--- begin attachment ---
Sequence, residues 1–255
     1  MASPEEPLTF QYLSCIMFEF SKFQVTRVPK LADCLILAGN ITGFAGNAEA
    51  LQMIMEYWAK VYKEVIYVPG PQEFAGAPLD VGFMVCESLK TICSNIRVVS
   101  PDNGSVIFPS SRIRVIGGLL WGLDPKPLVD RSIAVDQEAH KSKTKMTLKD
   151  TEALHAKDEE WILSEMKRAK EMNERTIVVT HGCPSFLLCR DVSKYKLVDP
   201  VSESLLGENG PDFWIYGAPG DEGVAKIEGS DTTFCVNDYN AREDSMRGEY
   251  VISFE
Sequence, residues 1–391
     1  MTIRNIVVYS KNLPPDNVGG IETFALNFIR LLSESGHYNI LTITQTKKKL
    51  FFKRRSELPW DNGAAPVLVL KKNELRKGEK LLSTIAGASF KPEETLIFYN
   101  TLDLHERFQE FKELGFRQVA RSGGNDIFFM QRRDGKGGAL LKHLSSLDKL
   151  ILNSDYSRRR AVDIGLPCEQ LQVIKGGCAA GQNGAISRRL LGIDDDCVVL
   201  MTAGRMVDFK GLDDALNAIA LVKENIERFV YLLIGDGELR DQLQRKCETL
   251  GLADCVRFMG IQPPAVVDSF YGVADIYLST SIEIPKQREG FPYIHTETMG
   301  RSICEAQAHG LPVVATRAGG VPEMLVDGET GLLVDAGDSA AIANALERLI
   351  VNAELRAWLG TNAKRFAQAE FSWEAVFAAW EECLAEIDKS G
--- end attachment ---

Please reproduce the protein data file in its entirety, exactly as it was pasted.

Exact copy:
Sequence, residues 1–255
     1  MASPEEPLTF QYLSCIMFEF SKFQVTRVPK LADCLILAGN ITGFAGNAEA
    51  LQMIMEYWAK VYKEVIYVPG PQEFAGAPLD VGFMVCESLK TICSNIRVVS
   101  PDNGSVIFPS SRIRVIGGLL WGLDPKPLVD RSIAVDQEAH KSKTKMTLKD
   151  TEALHAKDEE WILSEMKRAK EMNERTIVVT HGCPSFLLCR DVSKYKLVDP
   201  VSESLLGENG PDFWIYGAPG DEGVAKIEGS DTTFCVNDYN AREDSMRGEY
   251  VISFE
Sequence, residues 1–391
     1  MTIRNIVVYS KNLPPDNVGG IETFALNFIR LLSESGHYNI LTITQTKKKL
    51  FFKRRSELPW DNGAAPVLVL KKNELRKGEK LLSTIAGASF KPEETLIFYN
   101  TLDLHERFQE FKELGFRQVA RSGGNDIFFM QRRDGKGGAL LKHLSSLDKL
   151  ILNSDYSRRR AVDIGLPCEQ LQVIKGGCAA GQNGAISRRL LGIDDDCVVL
   201  MTAGRMVDFK GLDDALNAIA LVKENIERFV YLLIGDGELR DQLQRKCETL
   251  GLADCVRFMG IQPPAVVDSF YGVADIYLST SIEIPKQREG FPYIHTETMG
   301  RSICEAQAHG LPVVATRAGG VPEMLVDGET GLLVDAGDSA AIANALERLI
   351  VNAELRAWLG TNAKRFAQAE FSWEAVFAAW EECLAEIDKS G